on the assumption that each site has total local autonomy to determine the cost to be reported for an option, and can take into account factors such as resource consumptions and hard-ware conditions. There are a few controversies over this assumption: (1) the fully decoupled costing process without a global coordinator / mediator cannot ensure quality of query answering; (2) the requirements for data sources that want to join in the system will be high.

Besides integrating only data, several mediator systems support integrating both data and functions (a.k.a. programs). LeSelect [29] is a distributed data integration system with database federation architecture, which allows users to publish their data and functions. To model data sources including functions, LeSelect used the model of table with binding patterns, which was demonstrated to be able to naturally model both data and functions. In this scenario, cost model is difficult to define for both functions and data. In fact, no cost-based optimization is used in the system, which could be a defect in many cases.

Most recently, Web Service Management Systems (WSMS) [30, 31] have taken

advantage of data integration and mediator technologies. WSMS typically has the similar architecture as mediator system: Web Services can be viewed as one type of data sources, and Web Service adaptor serves as the „wrapper‟ between every Web Service and the management system. Queries over multiple Web Services can be answered by using similar mechanism as combining data from multiple data sources. Query optimization in WSMS mainly focuses on arranging a query‟s web service calls into a pipelined execution plan that optimally exploits parallelism among web services. Still, hardware and run-time conditions are not taken into account in the system.



Chapter 3


In this chapter, I first define the cost model used in this thesis, and then describe the assumptions and restrictions in the system.

3.1 Cost Model and Optimization Goal

Generally speaking, the overall performance goal of a database federation is to obtain increased throughput and decreased response time in a multiuser environment. In this thesis, we consider both the total resources consumed and the response time.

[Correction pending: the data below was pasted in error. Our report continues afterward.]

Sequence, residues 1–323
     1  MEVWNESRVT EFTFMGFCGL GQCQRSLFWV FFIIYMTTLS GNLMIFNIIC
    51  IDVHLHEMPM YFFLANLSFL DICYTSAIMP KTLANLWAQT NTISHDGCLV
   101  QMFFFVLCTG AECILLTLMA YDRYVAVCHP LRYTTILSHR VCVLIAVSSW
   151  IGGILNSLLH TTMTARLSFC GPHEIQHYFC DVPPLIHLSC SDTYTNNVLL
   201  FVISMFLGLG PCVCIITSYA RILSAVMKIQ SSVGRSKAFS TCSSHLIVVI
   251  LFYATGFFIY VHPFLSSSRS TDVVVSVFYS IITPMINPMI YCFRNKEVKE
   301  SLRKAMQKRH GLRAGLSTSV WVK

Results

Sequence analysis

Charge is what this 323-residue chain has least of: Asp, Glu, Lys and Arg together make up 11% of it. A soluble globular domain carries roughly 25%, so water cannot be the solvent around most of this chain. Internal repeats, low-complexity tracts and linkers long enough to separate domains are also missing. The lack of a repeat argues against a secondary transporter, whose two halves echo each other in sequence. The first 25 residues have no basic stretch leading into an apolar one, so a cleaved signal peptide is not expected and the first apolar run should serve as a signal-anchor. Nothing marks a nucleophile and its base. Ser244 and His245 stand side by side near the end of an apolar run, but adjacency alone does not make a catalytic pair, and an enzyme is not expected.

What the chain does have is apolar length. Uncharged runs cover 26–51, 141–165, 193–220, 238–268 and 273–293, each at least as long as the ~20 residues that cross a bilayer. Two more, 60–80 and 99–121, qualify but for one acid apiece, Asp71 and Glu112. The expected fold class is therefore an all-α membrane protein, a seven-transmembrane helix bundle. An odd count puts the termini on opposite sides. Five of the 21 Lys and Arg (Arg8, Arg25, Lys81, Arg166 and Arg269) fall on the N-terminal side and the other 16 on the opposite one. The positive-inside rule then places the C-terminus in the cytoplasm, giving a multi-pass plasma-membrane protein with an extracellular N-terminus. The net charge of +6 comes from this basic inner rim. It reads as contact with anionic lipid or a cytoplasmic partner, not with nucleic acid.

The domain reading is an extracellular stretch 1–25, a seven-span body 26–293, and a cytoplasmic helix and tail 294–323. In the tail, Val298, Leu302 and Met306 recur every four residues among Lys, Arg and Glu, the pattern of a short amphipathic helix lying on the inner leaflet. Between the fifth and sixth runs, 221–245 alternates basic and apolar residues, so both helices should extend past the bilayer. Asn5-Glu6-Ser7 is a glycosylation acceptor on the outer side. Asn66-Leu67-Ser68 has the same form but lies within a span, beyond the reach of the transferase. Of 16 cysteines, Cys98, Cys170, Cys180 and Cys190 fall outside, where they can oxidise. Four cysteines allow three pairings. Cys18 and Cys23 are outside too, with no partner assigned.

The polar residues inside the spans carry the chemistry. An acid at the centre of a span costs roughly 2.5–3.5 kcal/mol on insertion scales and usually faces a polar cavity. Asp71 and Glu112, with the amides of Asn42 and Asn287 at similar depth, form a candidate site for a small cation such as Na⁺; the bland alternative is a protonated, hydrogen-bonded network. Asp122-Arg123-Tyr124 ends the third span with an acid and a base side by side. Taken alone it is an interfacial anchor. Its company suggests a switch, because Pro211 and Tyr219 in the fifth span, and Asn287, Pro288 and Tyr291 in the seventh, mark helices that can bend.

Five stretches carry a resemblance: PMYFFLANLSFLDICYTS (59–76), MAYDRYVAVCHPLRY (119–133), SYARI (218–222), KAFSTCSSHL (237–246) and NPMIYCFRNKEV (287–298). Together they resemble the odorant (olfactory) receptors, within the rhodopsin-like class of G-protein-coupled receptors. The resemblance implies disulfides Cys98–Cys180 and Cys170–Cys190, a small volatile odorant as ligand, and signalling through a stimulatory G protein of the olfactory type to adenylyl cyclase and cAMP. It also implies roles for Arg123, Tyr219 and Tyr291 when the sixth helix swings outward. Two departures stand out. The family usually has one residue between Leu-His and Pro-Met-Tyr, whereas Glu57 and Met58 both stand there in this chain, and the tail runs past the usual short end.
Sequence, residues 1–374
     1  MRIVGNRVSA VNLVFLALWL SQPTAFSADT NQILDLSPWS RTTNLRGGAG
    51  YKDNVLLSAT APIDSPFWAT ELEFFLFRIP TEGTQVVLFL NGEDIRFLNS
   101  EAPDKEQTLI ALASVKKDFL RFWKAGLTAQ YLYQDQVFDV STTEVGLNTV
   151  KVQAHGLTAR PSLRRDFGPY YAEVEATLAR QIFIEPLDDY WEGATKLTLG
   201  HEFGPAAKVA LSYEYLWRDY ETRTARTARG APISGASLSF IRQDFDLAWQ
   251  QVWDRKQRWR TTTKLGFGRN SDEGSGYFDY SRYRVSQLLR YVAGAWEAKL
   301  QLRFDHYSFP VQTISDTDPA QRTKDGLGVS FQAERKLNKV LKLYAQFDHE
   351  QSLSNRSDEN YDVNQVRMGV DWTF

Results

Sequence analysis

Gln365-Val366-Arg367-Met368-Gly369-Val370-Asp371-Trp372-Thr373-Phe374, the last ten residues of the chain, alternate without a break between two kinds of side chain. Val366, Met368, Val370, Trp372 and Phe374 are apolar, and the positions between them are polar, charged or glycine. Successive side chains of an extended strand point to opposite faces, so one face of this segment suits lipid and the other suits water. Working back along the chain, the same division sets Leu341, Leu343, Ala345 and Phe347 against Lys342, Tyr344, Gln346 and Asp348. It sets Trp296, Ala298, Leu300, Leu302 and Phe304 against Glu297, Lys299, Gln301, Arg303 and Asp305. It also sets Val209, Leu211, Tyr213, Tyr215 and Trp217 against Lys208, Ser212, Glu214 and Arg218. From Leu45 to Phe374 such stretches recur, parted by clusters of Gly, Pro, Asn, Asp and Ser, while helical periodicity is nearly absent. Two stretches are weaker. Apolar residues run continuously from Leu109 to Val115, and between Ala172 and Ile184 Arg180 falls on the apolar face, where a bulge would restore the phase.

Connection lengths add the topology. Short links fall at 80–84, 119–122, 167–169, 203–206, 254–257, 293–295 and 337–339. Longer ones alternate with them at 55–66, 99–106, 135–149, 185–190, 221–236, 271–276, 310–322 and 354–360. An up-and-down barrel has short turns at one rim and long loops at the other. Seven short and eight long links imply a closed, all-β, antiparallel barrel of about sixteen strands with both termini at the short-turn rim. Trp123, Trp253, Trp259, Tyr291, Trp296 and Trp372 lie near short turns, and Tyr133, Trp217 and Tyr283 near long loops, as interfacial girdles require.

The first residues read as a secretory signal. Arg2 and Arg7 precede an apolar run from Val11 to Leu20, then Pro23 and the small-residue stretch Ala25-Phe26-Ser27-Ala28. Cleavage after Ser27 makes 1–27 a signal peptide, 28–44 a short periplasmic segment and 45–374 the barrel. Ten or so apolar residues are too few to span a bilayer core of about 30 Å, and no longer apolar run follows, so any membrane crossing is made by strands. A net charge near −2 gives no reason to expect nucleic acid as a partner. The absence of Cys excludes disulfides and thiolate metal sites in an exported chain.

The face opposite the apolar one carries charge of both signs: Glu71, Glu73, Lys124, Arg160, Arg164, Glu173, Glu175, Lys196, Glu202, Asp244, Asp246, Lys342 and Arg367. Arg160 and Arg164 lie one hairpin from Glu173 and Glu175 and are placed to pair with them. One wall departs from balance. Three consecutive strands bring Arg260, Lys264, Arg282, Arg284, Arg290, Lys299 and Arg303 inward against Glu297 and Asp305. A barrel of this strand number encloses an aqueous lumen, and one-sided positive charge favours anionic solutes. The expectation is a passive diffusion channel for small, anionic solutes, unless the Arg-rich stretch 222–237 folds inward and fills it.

Firstly, we define the cost model for executing query in the non-parallel manner. Given a distributed join operation over n data sources (in this work one data source refers to one machine, so “data source” and “machine” are exchangeable terms in the following contents), we define the cost of a query execution plan for the join as:


𝑤1∗ ni=1𝑅𝑠𝑟𝑐𝑠𝑖 +w2 ∗ n−1i=1 𝑛𝑗 =𝑖+1𝑇𝑟𝑎𝑛𝑠_𝐷𝑎𝑡𝑎𝑖𝑗 + 𝑤3∗ 𝑅𝑒𝑠𝑝_𝑇𝑖𝑚𝑒 (1.1) 𝑅𝑠𝑟𝑐𝑠𝑖 is the resource consumed in data source i, in terms of number of I/Os. 𝑇𝑟𝑎𝑛𝑠_𝐷𝑎𝑡𝑎𝑖𝑗 is the size of data transferred from data source i to data source j, in terms of megabyte. 𝑅𝑒𝑠𝑝_𝑇𝑖𝑚𝑒 is the response time, in milliseconds. Here 𝑤1, 𝑤2, 𝑤3 are



system-specific weighting factors to scale those variables in order to combine them together in meaningful ways.

Secondly, we define the cost model for executing multiple query plans in parallel. Assume that operations within each query plan is executed in non-parallel, thus for each plan we can firstly calculate its Cost_NonParallel. Given m query plans, the cost of executing those query plans in parallel is defined as the maximum among their

Cost_NonParallel, as denoted in the following formula:

Cost_MParallel ≝ 𝑚𝑎𝑥⁡𝑖=1 𝑚 {Cost_NonParallel(𝑝𝑙𝑎𝑛𝑖)} (1.2)

Thirdly, we define the cost model of a combined query plan, which contains the execution of multiple sub-plans in parallel, as well as contains the execution of non-parallel joins among the results produced by sub-plans. To simplify the cost analysis, we assume that the join ordering of the join operations over the results produced by sub-plans is determined in a greedy algorithm, with greed on smallest number of data transferred. For example, the result produced by 𝑝𝑙𝑎𝑛𝑖 is 128MB, and the result is given at data source 𝑆𝑖 ; the result produced by 𝑝𝑙𝑎𝑛𝑗 is 25MB, and the result is given at data source 𝑆𝑗. And then the join between the two results will be execution in two steps: first transfer the result of 𝑝𝑙𝑎𝑛𝑗 to 𝑆𝑖, second join the two results at 𝑆𝑖. Thus, given m sub-plans, the cost of executing a combined query plan is defined as:

Cost_Combined ≝ w1Cost_MParallel + w2∗ m−1i=1 𝑚𝑗 =𝑖+1𝑇𝑟𝑎𝑛𝑠_𝐷𝑎𝑡𝑎𝑖𝑗 (1.3) Here 𝑤1, 𝑤2 are system-specific weighting factors to scale those variables in order to combine them together in a meaningful way.

Notice that our cost model is similar to those defined in many existing distributed data management system, but our approach of computing cost is different, in the sense that every variable is computed with consideration of run-time parameters. We will show how the cost computing approach efficiently works with this cost model in following chapters.



3.2 Parallelism and Pipelining Restrictions

Our target database federation is by nature a distributed system, thus we need to consider in what level the query parallelism and pipelining are implemented.

Typically there are three forms of intra-query parallelism [16]:

Partitioned parallelism: A single operator is executed on a set of sites by partitioning its input data set.

Pipelined parallelism: A sequence of operators is executed on a set of sites in a pipelined manner.

Independent parallelism: multiple operators with no pipelining between them can be executed in parallel on a set of sites independent of each other.